The more you sit at your writing place every day, the easier it gets. It’s like doing pushups: it’s hard when you start, but those flabby muscles get stronger.
After a while you can start setting goals: so many words per day is the one I use. Choose a number just a little outside your comfort zone. If you can write 250 words per day, go for 500 WPD. If 500 seems easy, kick it up to 1,000.
Don’t expect to meet that goal every day; even when you’re in the zone, with words pouring out, it can come to a screeching halt. The flow can shrink to a trickle, or dry up.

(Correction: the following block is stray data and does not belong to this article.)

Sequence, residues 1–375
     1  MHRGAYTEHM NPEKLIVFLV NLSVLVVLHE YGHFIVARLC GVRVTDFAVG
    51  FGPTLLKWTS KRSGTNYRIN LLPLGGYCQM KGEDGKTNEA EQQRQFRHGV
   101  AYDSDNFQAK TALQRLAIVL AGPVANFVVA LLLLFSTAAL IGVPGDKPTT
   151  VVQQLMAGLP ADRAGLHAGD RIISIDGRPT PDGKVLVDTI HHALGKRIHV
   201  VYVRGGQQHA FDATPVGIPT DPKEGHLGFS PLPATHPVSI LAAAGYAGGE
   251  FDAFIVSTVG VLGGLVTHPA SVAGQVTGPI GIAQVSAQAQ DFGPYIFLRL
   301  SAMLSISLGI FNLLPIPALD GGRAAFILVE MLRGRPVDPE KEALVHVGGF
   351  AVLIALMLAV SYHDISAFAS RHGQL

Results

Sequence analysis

Resist the urge to quit. Don’t do the email or Solitaire or YouTube.
Writers have dealt with dry spells in different ways. Somerset Maugham typed his name over and over: W. Somerset Maugham W. Somerset Maugham W. Somerset Maugham. Sportswriter Red Smith was asked if it was hard to turn out a daily column. He replied, “Why, no. You simply sit down at the typewriter, open your veins, and bleed.”
When I was writing for television, I knew there was a paycheck waiting when I handed in my assignment. And possibly, another assignment. Great motivation. I have no such paycheck waiting now. And some days, I cannot get to my goal. I’ll talk about how to deal with this in future tips.